It goes without saying that one of the greatest bugbears for businesses is getting paid on time. In the past, the Government has helped with legislation. Indeed, the Late Payment of Commercial Debts (Interest) Act 1998 has gone a long way in reducing the length of time in which commercial debt is paid. In the event of late payment, this legislation (along with subsequent EU Directives which have been enshrined into UK law by statutory instrument) allows businesses to claim interest, collection costs and compensation. So, why does the problem persist?
Suppliers use various techniques to protect themselves in the event of a corporate purchaser’s insolvency. This will include retention of title as well as the option of terminating the supply of goods or services in the event of a customer’s insolvency. More often than not, such provisions will be contained in the supplier’s terms and conditions of business which, if correctly incorporated, will govern the party’s contractual relationship.
Currently, £23.4 billion worth of late invoices are owed to small firms across Britain, impacting on businesses’ cash flow and ultimate survival. On 1 October, to address the scourge of late payment, Small Business Minister Paul Scully announced proposals to ensure small businesses in the UK are paid on time.
How can you best enforce judgments made against your debtor(s) to ensure you are paid what you are owed?
In our latest Debt Recovery Masterclass, Stephen Cowan explains the various options available in detail to help you come to a decision on the best course of action for your business.
The immediate effect of the coronavirus pandemic required Yuill + Kyle to move swiftly to working from home. This was successfully achieved thanks to the sterling efforts of MacRoberts’ IT contingent along with the Y+K debt team.
When raising invoices to obtain payment from your clients or customers, it is vital that you know exactly who you are billing, where they are based and how they pay. In our latest Debt Recovery Masterclass, Stephen Cowan looks at the importance of knowing your customer:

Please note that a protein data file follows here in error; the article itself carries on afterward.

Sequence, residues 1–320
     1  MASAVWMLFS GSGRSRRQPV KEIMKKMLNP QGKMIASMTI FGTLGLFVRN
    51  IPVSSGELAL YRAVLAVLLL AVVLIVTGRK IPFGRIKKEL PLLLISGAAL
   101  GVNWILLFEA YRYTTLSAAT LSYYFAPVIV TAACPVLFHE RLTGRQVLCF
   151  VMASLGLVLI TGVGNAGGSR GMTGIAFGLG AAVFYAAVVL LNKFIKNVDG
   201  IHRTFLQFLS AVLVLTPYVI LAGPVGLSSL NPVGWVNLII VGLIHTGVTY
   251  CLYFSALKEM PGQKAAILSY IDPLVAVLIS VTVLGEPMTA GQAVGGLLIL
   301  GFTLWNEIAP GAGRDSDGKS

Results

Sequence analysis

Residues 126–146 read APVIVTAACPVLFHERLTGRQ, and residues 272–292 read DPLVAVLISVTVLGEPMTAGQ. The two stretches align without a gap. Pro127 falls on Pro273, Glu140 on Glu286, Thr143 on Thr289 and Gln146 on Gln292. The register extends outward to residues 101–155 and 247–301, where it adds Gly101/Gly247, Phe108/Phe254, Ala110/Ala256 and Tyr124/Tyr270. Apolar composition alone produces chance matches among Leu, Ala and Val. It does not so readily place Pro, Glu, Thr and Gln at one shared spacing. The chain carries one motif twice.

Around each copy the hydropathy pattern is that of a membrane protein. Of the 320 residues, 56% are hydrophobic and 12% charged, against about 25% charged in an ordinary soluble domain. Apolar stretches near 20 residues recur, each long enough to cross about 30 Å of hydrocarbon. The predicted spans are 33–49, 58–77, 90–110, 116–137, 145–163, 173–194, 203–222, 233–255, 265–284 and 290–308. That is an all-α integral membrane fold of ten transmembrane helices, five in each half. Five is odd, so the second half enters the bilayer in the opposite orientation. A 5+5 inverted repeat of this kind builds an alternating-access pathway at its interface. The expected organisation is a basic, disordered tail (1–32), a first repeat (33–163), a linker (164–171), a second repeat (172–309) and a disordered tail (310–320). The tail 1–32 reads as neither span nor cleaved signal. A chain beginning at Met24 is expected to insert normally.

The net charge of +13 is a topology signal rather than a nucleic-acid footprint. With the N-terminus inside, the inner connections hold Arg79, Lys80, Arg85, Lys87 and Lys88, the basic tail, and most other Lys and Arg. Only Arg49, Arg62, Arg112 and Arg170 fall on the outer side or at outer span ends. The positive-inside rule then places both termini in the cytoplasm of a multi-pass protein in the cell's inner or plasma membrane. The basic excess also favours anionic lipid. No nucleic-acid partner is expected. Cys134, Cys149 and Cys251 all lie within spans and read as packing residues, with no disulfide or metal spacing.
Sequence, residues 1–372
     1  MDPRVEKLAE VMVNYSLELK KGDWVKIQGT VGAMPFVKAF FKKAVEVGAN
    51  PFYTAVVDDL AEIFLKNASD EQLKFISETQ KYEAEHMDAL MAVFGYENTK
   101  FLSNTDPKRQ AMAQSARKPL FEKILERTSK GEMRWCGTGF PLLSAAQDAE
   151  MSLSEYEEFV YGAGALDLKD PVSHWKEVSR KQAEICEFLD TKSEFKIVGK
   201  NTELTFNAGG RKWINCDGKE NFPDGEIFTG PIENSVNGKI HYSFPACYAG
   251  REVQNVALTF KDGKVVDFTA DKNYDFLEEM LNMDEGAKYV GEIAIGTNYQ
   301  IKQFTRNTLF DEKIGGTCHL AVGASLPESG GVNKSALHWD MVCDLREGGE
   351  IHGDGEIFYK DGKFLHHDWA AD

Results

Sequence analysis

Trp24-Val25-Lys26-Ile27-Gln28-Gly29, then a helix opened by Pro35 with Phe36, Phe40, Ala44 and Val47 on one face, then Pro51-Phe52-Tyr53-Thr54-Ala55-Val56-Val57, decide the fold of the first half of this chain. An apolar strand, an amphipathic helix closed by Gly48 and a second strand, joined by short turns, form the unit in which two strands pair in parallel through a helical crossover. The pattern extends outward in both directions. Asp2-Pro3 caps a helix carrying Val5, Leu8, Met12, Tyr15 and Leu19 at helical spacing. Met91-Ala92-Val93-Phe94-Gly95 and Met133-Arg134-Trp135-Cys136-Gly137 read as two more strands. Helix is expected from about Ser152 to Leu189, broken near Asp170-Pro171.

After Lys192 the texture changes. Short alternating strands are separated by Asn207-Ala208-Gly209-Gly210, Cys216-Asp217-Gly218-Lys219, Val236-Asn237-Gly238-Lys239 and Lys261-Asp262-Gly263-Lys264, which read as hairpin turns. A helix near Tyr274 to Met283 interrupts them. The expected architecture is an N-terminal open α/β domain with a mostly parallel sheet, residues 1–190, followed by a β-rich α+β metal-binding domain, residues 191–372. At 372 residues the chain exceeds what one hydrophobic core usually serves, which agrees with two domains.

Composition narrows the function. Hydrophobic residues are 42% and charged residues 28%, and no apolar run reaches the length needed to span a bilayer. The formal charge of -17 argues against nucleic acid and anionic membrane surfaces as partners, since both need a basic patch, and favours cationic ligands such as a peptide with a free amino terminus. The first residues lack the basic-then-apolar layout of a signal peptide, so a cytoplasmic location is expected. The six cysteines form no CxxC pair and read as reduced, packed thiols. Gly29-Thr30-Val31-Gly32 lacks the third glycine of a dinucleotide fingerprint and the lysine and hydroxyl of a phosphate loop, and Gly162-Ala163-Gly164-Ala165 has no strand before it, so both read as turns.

In our latest Debt Recovery Masterclass series, Stephen Cowan shares his top 5 tips for chasing payment from customers:
With businesses across the world affected by coronavirus and many sufferering cash flow difficulties, Stephen Cowan will be speaking at ICAS' live webinar on Thursday 17 September, entitled 'Debt management for firms and their clients in a COVID-19 environment'.
Uncontested liquidation petitions do not really “excite”. In fact, they follow a well-trodden path of a petition to the court, prior to which the debtor company’s insolvency will have been established usually following an expired statutory demand for payment or a charge for payment (the first stage of Scottish enforcement) following on from a court’s decree.
Yuill + Kyle's Managing Director, Stephen Cowan, will present a live training session on 6 October 2020, in collaboration with MBL, which will provide an introduction to all aspects of legal debt recovery in Scotland.
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